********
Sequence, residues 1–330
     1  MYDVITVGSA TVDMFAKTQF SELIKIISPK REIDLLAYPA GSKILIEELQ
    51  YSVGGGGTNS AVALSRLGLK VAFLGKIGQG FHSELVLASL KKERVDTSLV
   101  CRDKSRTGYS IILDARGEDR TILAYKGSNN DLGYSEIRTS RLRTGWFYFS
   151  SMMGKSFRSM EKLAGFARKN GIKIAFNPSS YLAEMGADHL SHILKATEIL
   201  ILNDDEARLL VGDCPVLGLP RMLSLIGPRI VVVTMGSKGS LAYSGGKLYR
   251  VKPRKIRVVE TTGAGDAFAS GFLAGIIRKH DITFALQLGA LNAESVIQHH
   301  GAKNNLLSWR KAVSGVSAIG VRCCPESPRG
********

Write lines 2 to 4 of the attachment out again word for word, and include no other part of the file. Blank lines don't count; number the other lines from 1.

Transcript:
     1  MYDVITVGSA TVDMFAKTQF SELIKIISPK REIDLLAYPA GSKILIEELQ
    51  YSVGGGGTNS AVALSRLGLK VAFLGKIGQG FHSELVLASL KKERVDTSLV
   101  CRDKSRTGYS IILDARGEDR TILAYKGSNN DLGYSEIRTS RLRTGWFYFS